"In a world that often feels like a giant hydraulic car compactor, relentlessly compressing the complexities of human emotion, I proudly embrace my ability to crush, and crush hard. Whether single or not, I find genuine joy in the simple pleasure of having a crush. It's a sentiment that clings to me like an unyielding force, indifferent to my relationship status—my crushes are, for better or worse, uncrushable.
The term "crush" is a beautifully elusive concept, akin to those elusive feelings it encapsulates. Unlike heavy-handed terms like "infatuation" or "obsession," the word "crush" is delightfully vague, leaving room for the unpredictability and nuance of human connection. It's, in the immortal words of Jennifer Paige's 1998 soft-rock anthem, just "a little crush." Importantly, a crush doesn't demand reciprocity or viability. It can be directed toward a distant celebrity or a married next-door neighbor. Crushes often manifest as one-sided admirations, quietly existing in the realm of personal enjoyment, rarely disclosed or made public.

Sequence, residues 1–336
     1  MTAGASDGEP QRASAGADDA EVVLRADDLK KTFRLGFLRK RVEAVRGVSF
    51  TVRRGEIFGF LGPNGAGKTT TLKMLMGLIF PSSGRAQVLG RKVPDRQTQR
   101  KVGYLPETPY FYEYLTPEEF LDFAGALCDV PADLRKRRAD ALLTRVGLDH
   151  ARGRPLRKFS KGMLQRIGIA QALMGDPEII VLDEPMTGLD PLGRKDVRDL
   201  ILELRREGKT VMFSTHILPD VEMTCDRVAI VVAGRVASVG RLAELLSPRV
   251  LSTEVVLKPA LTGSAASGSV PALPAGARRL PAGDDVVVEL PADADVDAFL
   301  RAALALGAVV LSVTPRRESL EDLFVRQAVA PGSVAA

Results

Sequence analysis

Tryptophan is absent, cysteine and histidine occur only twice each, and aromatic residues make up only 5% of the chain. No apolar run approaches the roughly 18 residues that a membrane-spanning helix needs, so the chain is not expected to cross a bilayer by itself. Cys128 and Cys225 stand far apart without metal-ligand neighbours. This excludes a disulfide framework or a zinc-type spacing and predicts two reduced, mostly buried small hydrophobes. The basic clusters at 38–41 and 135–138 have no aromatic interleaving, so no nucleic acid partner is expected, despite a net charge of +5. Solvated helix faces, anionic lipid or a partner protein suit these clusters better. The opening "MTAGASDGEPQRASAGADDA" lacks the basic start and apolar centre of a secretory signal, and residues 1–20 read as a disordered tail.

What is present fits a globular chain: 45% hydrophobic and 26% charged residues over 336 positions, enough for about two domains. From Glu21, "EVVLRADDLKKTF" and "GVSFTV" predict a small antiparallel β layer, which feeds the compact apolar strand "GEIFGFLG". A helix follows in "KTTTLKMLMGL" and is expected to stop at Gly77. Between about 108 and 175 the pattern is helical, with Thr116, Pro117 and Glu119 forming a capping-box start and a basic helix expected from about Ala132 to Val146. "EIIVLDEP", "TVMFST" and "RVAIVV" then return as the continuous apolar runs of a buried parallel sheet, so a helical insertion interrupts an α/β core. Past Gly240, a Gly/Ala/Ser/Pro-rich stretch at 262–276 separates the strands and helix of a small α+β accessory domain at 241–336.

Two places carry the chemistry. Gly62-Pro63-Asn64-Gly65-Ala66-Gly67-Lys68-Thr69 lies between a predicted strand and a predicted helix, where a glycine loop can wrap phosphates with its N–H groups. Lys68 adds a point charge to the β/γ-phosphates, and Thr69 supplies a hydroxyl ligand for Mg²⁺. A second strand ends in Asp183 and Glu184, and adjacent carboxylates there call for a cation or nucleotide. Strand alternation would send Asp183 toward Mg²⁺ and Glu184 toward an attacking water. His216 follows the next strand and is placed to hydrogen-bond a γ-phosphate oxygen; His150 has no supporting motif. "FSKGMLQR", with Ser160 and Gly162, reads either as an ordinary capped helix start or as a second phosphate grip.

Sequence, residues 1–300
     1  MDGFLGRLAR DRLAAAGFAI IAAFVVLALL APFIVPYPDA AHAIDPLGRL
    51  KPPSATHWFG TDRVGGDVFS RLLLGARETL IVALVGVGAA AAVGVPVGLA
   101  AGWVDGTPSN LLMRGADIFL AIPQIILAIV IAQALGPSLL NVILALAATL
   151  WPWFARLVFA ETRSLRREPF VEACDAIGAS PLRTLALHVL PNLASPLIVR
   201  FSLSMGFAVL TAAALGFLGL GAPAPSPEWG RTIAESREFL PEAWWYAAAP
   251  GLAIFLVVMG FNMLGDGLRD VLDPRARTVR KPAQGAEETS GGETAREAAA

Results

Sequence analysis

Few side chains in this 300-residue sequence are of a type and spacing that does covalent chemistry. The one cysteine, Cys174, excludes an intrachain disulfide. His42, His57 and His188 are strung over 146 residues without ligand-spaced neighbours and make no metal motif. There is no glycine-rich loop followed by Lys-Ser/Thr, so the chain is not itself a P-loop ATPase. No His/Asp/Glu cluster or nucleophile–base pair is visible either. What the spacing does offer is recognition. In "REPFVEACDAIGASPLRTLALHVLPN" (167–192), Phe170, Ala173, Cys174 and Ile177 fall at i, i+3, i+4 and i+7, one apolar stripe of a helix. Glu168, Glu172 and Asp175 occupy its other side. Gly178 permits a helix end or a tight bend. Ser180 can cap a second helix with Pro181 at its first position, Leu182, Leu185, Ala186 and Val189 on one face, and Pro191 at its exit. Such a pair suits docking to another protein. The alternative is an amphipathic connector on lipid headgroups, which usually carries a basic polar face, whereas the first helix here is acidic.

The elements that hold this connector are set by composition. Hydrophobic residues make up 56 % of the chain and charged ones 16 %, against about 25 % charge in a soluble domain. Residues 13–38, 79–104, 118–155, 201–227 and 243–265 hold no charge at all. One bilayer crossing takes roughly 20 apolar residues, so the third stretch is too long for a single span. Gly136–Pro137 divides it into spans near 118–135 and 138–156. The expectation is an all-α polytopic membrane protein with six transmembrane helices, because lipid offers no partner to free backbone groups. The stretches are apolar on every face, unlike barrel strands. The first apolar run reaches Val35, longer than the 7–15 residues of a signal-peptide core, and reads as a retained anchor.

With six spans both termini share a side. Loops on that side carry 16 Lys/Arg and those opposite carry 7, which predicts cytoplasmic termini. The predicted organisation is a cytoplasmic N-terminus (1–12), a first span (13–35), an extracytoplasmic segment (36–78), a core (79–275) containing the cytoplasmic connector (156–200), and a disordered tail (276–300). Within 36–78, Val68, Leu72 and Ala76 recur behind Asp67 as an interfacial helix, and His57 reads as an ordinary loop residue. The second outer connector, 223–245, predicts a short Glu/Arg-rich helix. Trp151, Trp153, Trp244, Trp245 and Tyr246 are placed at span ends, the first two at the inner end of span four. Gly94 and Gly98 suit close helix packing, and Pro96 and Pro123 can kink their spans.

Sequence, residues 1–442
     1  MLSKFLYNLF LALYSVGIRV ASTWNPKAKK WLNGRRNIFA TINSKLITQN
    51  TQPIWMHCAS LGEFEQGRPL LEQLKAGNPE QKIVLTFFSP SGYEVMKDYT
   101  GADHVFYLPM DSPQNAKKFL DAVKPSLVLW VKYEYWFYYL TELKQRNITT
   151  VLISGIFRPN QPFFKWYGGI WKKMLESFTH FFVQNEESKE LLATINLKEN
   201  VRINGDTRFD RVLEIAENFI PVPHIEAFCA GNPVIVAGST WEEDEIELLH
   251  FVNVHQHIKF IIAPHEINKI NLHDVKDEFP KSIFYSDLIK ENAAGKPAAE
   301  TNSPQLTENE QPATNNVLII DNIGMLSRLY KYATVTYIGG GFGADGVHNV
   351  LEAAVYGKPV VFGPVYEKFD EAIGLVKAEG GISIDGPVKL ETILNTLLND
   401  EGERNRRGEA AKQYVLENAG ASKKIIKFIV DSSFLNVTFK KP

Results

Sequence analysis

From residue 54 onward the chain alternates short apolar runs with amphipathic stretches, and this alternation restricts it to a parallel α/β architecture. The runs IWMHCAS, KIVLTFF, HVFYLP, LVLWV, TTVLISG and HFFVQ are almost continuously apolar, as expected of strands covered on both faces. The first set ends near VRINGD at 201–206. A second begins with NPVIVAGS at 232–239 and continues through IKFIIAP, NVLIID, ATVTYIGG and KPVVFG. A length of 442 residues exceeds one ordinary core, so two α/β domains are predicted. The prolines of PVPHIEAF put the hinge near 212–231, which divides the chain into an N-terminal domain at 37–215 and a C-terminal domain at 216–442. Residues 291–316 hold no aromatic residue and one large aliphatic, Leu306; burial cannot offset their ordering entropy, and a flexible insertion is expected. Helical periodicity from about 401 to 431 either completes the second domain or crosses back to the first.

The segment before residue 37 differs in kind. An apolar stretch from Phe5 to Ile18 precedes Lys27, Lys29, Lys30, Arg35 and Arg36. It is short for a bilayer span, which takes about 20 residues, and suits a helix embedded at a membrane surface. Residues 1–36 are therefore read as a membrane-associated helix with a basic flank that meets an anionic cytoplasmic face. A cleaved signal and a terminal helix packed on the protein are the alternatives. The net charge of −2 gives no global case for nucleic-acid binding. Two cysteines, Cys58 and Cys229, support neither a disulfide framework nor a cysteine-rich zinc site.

As I reflect on the phenomenon of crushes, my musings are prompted by the omnipresent influence of TikTok. The platform is currently ablaze with discussions on "micro-cheating," dissecting actions that may be considered shady within relationships. The debate surrounding what constitutes "micro-cheating" has become a contentious topic, with some actions undeniably suspect. Secret messaging and dishonesty about relationship status are clear red flags. However, a surprising number of voices argue that merely "thinking or daydreaming about someone you have a crush on" should also be placed on the spectrum of betrayal.
In a world grappling with the definition of fidelity, let us not forget the innocent joy of a crush—a soft, whimsical interlude that adds a touch of fun to the complex tapestry of human connection. As the world debates the boundaries of micro-cheating, perhaps it's time to celebrate the harmless allure of a little crush."
"In the landscape of TikTok, where one might expect a sea of socially liberal attitudes among the predominantly under-thirty user base, there emerges a surprising convergence of values that lean towards the socially conservative. Judgmental eyes are quick to scrutinize actions, creating an environment where seeking solace or connection outside a relationship during rocky times is deemed demonizable. The platform seems to crave strict, defined, and black-and-white rules, a stark departure from the assumed liberal ethos associated with the younger demographic.